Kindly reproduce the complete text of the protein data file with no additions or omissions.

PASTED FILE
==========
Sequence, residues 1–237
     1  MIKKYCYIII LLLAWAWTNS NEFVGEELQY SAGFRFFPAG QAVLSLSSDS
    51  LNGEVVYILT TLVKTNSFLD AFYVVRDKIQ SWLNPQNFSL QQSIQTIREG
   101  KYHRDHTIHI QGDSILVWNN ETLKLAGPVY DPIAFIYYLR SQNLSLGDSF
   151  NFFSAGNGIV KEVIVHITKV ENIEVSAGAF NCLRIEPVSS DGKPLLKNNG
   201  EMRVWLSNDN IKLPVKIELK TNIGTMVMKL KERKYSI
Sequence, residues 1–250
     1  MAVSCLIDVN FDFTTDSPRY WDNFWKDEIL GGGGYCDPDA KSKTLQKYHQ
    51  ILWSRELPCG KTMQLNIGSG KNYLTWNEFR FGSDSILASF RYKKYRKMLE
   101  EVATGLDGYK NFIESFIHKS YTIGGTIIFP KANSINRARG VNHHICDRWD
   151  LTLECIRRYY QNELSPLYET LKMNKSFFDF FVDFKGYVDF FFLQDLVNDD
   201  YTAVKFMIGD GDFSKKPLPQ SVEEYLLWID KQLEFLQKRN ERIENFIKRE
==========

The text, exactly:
Sequence, residues 1–237
     1  MIKKYCYIII LLLAWAWTNS NEFVGEELQY SAGFRFFPAG QAVLSLSSDS
    51  LNGEVVYILT TLVKTNSFLD AFYVVRDKIQ SWLNPQNFSL QQSIQTIREG
   101  KYHRDHTIHI QGDSILVWNN ETLKLAGPVY DPIAFIYYLR SQNLSLGDSF
   151  NFFSAGNGIV KEVIVHITKV ENIEVSAGAF NCLRIEPVSS DGKPLLKNNG
   201  EMRVWLSNDN IKLPVKIELK TNIGTMVMKL KERKYSI
Sequence, residues 1–250
     1  MAVSCLIDVN FDFTTDSPRY WDNFWKDEIL GGGGYCDPDA KSKTLQKYHQ
    51  ILWSRELPCG KTMQLNIGSG KNYLTWNEFR FGSDSILASF RYKKYRKMLE
   101  EVATGLDGYK NFIESFIHKS YTIGGTIIFP KANSINRARG VNHHICDRWD
   151  LTLECIRRYY QNELSPLYET LKMNKSFFDF FVDFKGYVDF FFLQDLVNDD
   201  YTAVKFMIGD GDFSKKPLPQ SVEEYLLWID KQLEFLQKRN ERIENFIKRE